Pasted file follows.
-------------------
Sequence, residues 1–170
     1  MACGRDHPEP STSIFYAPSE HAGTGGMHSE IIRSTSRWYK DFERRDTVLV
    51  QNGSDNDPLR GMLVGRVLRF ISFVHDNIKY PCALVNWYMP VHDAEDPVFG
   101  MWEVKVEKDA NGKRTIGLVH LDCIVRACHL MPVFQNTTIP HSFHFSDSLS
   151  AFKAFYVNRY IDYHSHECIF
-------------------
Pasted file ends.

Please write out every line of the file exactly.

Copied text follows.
Sequence, residues 1–170
     1  MACGRDHPEP STSIFYAPSE HAGTGGMHSE IIRSTSRWYK DFERRDTVLV
    51  QNGSDNDPLR GMLVGRVLRF ISFVHDNIKY PCALVNWYMP VHDAEDPVFG
   101  MWEVKVEKDA NGKRTIGLVH LDCIVRACHL MPVFQNTTIP HSFHFSDSLS
   151  AFKAFYVNRY IDYHSHECIF